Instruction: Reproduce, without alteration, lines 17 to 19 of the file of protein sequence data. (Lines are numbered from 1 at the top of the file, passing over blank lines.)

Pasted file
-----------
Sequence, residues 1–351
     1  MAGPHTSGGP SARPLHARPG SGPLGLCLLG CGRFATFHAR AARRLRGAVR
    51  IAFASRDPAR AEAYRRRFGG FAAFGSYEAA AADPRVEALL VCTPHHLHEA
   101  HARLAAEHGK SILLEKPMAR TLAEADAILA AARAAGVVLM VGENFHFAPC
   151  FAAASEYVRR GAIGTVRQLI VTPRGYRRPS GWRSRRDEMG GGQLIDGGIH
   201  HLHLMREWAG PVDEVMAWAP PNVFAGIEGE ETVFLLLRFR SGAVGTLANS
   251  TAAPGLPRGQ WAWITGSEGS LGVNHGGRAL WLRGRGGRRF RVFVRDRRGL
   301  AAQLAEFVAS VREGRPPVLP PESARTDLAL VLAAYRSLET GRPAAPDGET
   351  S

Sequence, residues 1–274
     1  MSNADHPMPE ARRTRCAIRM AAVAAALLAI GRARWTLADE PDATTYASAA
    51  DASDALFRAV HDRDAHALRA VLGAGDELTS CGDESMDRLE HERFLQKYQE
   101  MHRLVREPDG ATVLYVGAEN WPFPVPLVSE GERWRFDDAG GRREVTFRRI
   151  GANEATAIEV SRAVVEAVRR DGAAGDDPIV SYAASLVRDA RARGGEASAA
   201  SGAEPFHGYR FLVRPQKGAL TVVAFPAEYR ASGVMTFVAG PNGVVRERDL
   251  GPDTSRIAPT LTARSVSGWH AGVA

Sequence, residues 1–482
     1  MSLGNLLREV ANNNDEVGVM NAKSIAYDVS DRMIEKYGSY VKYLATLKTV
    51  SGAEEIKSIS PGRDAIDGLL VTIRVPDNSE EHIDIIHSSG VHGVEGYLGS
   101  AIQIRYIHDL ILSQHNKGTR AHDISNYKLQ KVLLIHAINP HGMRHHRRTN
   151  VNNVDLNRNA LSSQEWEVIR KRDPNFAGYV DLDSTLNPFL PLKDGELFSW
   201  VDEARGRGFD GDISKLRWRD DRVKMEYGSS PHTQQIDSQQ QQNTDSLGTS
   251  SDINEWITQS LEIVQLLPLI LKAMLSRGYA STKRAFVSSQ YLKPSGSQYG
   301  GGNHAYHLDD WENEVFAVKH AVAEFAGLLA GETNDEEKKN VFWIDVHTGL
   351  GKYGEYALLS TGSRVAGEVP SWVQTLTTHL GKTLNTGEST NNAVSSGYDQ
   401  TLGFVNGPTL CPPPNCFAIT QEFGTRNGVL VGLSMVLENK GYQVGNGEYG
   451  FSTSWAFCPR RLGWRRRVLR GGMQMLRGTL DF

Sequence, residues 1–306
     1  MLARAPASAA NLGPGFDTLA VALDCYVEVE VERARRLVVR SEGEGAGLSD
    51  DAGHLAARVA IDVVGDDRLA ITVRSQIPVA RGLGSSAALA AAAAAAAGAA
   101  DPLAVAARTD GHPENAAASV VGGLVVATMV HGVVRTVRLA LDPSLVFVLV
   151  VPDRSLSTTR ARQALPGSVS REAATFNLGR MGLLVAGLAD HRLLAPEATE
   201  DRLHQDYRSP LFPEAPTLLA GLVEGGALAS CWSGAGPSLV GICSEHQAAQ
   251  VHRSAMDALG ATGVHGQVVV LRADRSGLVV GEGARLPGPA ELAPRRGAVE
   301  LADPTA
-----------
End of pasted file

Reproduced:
Sequence, residues 1–482
     1  MSLGNLLREV ANNNDEVGVM NAKSIAYDVS DRMIEKYGSY VKYLATLKTV
    51  SGAEEIKSIS PGRDAIDGLL VTIRVPDNSE EHIDIIHSSG VHGVEGYLGS